As much as anything, this is a reminder for me. We had a customer who were trying to run a PowerShell script that, ultimately, relied on an assembly that was contained in a WSP we’d written. The script wouldn’t work, however, and it transpired that the WSP had not been deployed to the server that they were running the script on. Continue reading “WSP Not Deployed to a SharePoint App Server”
So, I’ve somehow managed to get through most of the SP2010 cycle without having to use the Enterprise Content Type hub – until last week. This was my opportunity to stumble across one of the gotchas of the ECT hub – it doesn’t work with blank sites. We had a number of site collections based on the Blank site template, and content types would not replicated to it. Other site collections based on other templates – such as Team sites – worked fine.
Interesting. And this tickled a neuron. Continue reading “Content Type Hubs and the Blank Site Template – Fixing them”
So, related to my previous post, we had problems initially deleting the Search Service Application. The Search Content Application’s Database had become ‘Suspect’. I’ve had this happen a few times before (I’m not sure why – I ain’t a DB Admin) and I have a little script that I run that seems to fix this, mostly.
EXEC sp_resetstatus 'PROBLEM_DB_NAME'
ALTER DATABASE PROBLEM_DB_NAME SET EMERGENCY
ALTER DATABASE PROBLEM_DB_NAME SET SINGLE_USER WITH ROLLBACK IMMEDIATE
DBCC CheckDB ('PROBLEM_DB_NAME', REPAIR_ALLOW_DATA_LOSS)
ALTER DATABASE PROBLEM_DB_NAME SET MULTI_USER
No, I’m not entirely sure of the logic of how it works, and I’m pretty sure I can here DB Admins across the world screaming, but for my dev systems that I can afford to trash, it seems adequate.
Anyway, on this occasion it didn’t work, so I decided to simply delete the Search Service Application. I tried this through the UI – but it just seemed to hang. I tried again – and it seemed to hang. It wasn’t going away. I tried PowerShell – which took me a while as I’m still a fan of STSADM – and that didn’t work.
In the end I found the solution – on Donal Conlon’s blog – use STSADM -o deleteconfigurationobject
Yes, there’s a certain irony in that.
Last week I was working on a customer’s Dev system and when we tried to set up search we received the error:
“The search service is not able to connect to the machine that hosts the administration component”
Interesting. And annoying. I tried removing and recreating the search application service – and we got the same error. Weirdly, it had been working previously. Continue reading
SharePoint lists have the ability to export their contents to an Excel Workbook.
This is quite cute – it gives the users a way to get the data out into something they’re familiar with, can manipulate and can print. However, I was having an issue. Using a list based on a Custom List (above), one of my columns (Enquiry) wasn’t exported:
I wondered at first if this was because of it’s column type (Hyperlink), or because I’d created the column programmatically. Then, on a hunch really, I tried changing the column order. I added another column before it in the list view. I used the ID column, but any should work. When I exported the list – all the columns I wanted came through (but the ID column didn’t).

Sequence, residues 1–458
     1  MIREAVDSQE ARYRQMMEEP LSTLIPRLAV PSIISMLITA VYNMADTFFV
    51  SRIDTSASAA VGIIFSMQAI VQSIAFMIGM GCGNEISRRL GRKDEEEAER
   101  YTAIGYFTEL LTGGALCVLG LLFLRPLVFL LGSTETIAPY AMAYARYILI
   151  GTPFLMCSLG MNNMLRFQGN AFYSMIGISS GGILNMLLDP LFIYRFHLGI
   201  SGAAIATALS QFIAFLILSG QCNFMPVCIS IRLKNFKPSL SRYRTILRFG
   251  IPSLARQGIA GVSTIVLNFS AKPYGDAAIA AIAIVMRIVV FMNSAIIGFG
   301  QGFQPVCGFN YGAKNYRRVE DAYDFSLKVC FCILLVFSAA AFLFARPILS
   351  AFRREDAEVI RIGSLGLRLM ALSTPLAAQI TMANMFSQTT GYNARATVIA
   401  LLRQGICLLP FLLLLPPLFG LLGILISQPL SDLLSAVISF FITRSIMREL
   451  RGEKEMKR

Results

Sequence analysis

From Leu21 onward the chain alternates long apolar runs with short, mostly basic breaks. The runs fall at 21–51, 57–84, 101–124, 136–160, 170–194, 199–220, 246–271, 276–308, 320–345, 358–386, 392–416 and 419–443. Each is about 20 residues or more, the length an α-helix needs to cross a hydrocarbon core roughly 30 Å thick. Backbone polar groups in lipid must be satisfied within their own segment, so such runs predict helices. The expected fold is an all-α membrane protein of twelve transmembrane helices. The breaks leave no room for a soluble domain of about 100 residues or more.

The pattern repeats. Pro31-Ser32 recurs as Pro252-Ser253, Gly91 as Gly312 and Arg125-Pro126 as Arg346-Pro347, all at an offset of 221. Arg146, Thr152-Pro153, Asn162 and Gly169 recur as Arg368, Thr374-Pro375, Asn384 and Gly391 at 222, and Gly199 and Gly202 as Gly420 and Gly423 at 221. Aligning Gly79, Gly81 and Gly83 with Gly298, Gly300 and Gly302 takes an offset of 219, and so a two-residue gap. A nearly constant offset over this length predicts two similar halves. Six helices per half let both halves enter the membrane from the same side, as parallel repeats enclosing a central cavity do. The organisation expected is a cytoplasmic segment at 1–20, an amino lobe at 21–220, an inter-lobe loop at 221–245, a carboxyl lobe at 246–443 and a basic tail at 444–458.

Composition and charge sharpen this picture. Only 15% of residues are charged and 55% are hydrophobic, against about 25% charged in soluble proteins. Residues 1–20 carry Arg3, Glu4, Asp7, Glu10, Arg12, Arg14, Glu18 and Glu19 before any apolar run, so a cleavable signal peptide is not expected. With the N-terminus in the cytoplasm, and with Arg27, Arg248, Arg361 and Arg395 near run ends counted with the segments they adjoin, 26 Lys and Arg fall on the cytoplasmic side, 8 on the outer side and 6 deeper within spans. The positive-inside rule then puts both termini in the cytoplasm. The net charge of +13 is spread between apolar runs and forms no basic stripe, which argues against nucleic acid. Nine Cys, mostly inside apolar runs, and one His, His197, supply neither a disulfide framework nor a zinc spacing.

What I think is going on here is that if you used the same export on a document library then typically – though not always – the first column is an icon for the type of file it is. My suspicion is that some muppet, when writing the export to excel, realised that they’d have these icons, and decided to avoid them by excluding the first column. This is unfortunate for two reasons:
- Not all lists have icons – witness my Custom List
- Not all document libraries have the file icon as the first column.
For now the resolution would be to have another column as the first on your list.
I have a development machine that I was creating a number of sites within. I wanted to create about 10,000 sites or so (and have done more than that in testing before without a problem). When I started the process that was creating these running on my machine it was taking about 20 seconds per site. After a mere 2000 sites, it was then talking 30 minutes per site. Something isn’t right.
I did a bit of digging and found that others have had the same problem – but no solution.
I then spoke to one of our administrators, and he suggest clearing out the ‘event cache’ table. I’d never heard of that (and I’ve no idea how he found out about it), but his advice was:
Minimise the amount of rows in the EventCache SQL table:
- set ChangeLogRetentionPeriod to 1 day (1.00:00:00) on web application
- set EventLogRetentionPeriod to 1 day (1.00:00:00) on web application
- set ‘Change Log’ timer job to run daily (default is weekly)
Okay, so I did this using STSADM:
stsadm -o setproperty -pn change-log-retention-period -pv 1
stsadm -o setproperty -pn event-log-retention-period -pv 1
…and I then changed the Change Log timer job’ schedule in central admin, and set it running right away.
The timer job took about 8 minutes to run. That was a surprisingly long time.
When I then tried creating a site, it took 7 minutes. Clearly, this is still an unwell system, but that’s a lot better than 30 minutes. I’ll update if I find more.
One of our customers had a penetration test performed on their SharePoint system. I think it’s fairly standard, but it could have a custom login form. In fact, given some of the errors, I think it must have been – but I had little involvement, so I’m not sure. Heck, it could even have been a SharePoint 2007 system, or a new login form that we didn’t write.
Either way, I thought it would be interesting (and a good reminder) to look at some of the issues it threw up… Continue reading “Results of Penetration Test on SharePoint system”